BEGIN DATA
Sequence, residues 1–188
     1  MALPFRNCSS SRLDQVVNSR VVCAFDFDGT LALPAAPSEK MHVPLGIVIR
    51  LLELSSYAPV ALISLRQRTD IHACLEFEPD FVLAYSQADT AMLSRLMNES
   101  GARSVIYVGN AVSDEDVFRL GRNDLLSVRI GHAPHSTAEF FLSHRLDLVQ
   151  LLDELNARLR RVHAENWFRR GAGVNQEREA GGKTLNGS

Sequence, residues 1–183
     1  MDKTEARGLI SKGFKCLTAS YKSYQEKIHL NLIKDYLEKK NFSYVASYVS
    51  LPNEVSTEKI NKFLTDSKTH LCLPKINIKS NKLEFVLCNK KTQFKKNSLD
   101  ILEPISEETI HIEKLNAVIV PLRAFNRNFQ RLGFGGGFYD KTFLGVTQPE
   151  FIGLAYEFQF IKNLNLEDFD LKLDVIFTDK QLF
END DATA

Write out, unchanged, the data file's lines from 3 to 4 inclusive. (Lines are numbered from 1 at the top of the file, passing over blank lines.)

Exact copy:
    51  LLELSSYAPV ALISLRQRTD IHACLEFEPD FVLAYSQADT AMLSRLMNES
   101  GARSVIYVGN AVSDEDVFRL GRNDLLSVRI GHAPHSTAEF FLSHRLDLVQ